Hey there, time traveller!
This article was published 7/4/2011 (1998 days ago), so information in it may no longer be current.
WINNIPEG - The Red River in Winnipeg is within a few feet of its predicted crest because of an ice jam at the Redwood Bridge.
But river levels are expected to drop - albeit temporarily - once the ice moves downstream.
As of 4:30 p.m., the Red had reached 20.6 feet above normal winter ice levels at the James Avenue monitoring station. That’s a rise of more than two feet since Wednesday afternoon.
The cause is a pile up of ice at the Redwood Bridge that began at 10 p.m. on Wednesday night, said city flood-protection engineer Grant Mohr.
He expects the jam to move downstream later today. Water levels on the Red should drop one to 1.5 feet afterward, he added.
Solid ice south of King's Park is also driving up water levels on the Red River in the southernmost reaches of the city, Mohr added.
Neither the ice jam at the Redwood Bridge or the solid ice in Fort Garry is endangering any additional low-lying properties, Mohr said.
Once all the ice begins to move freely through the city, the province may operate the Red River Floodway control structure.
Amphibex machines are on standby for spot duty in the city if need be, said a spokesman for Manitoba Water Stewardship.
But it's very dangerous to deploy an amphibex in an ice jam, said Mohr.
The predicted crest for the Red in Winnipeg this spring is 20 to 23 feet James.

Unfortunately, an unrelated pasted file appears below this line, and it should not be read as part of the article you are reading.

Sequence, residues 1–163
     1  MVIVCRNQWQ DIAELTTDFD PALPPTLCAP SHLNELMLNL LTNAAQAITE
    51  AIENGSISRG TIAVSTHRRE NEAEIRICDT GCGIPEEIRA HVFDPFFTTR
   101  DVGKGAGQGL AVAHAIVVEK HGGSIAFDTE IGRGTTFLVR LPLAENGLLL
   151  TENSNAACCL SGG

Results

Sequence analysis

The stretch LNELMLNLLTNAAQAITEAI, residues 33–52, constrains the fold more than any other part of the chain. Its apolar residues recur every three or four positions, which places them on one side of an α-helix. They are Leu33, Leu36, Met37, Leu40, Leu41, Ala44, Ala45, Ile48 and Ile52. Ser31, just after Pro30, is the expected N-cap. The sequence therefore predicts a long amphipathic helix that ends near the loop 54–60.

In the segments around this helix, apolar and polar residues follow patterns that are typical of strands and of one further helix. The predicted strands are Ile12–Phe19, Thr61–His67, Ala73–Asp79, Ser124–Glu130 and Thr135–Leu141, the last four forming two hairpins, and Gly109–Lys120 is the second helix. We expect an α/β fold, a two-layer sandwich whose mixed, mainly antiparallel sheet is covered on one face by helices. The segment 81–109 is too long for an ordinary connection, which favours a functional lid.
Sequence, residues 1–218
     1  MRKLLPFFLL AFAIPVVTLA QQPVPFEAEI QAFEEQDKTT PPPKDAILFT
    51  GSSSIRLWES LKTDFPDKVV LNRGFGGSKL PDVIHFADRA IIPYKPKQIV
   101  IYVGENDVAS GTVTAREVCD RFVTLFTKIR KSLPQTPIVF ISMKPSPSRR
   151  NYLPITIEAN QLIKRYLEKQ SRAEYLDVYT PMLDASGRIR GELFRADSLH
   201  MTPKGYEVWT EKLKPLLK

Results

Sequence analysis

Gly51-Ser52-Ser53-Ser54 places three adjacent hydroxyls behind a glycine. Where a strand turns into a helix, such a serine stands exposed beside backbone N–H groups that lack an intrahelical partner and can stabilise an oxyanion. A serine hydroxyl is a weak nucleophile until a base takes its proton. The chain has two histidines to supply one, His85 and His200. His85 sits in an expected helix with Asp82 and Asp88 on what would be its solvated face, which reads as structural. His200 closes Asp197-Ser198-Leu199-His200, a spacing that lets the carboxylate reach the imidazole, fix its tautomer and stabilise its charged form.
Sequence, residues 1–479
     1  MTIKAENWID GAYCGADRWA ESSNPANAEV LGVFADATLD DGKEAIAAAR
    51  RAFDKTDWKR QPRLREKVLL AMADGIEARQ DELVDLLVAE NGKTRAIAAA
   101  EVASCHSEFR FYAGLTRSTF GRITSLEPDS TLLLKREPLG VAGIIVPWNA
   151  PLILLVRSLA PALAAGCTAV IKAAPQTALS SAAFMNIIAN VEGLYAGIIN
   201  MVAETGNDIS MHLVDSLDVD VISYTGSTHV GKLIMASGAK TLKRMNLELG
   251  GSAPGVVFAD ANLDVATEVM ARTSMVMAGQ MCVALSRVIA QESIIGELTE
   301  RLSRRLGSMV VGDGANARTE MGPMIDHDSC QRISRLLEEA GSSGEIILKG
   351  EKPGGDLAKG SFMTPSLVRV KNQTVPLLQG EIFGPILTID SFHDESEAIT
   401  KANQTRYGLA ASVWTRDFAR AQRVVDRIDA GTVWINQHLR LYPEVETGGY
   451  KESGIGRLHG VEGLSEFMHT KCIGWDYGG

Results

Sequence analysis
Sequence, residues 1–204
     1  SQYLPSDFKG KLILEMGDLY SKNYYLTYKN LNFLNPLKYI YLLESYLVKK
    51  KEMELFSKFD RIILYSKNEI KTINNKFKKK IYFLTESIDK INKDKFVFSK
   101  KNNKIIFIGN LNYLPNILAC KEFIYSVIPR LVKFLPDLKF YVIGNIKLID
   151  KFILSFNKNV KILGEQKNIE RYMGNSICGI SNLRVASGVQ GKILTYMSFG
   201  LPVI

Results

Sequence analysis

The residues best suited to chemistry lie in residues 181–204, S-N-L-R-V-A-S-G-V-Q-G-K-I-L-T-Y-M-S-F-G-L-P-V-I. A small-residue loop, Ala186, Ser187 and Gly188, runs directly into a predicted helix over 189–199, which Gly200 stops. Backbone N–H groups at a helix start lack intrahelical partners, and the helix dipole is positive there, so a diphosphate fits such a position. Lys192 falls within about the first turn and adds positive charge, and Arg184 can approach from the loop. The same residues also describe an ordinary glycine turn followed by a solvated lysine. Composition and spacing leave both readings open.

The city has advised 30 low-lying properties to have sandbag dikes in place by Friday and another 80 to follow suit by Sunday.
Most of the initial 30 dikes should be complete today, said public works flood coordinator Scott Payne.
An additional 450 properties are on the flood-protection list.
As of 10:20 a.m., 660 volunteers - including 400 students - were working on dikes inside the city, emergency preparedness co-ordinator Randy Hull said.
Counting the students, 1,125 people have volunteered or have registered to volunteer so far, Hull said.
More volunteers are still needed to help build sandbag dikes over the coming days and weeks. Volunteers are asked to sign up by calling 311.
Out of town residents who wish to volunteer in Winnipeg may register at 1-877-311-4974, Hull said.
Hull asked people to register to allow the city to triage properties, bus in volunteers and provide homes where volunteers are at work with portapotties and donated refreshments.
The Red River Floodway will also moderate river levels within the city once it begins operating.
As of Wednesday, about 2,800 cubic feet per second of water -- roughly seven per cent of the Red's flow at Winnipeg -- was spilling into the floodway on its own.
And the lower end of the Assiniboine River has also risen to the point where water is entering at least one apartment-building parkade in Osborne Village. The parkade is being pumped out.
Other Assiniboine River-front properties have floodwalls in place, Mohr said.
The City of Winnipeg is also employing social media to disseminate flood-preparation and emergency-response information.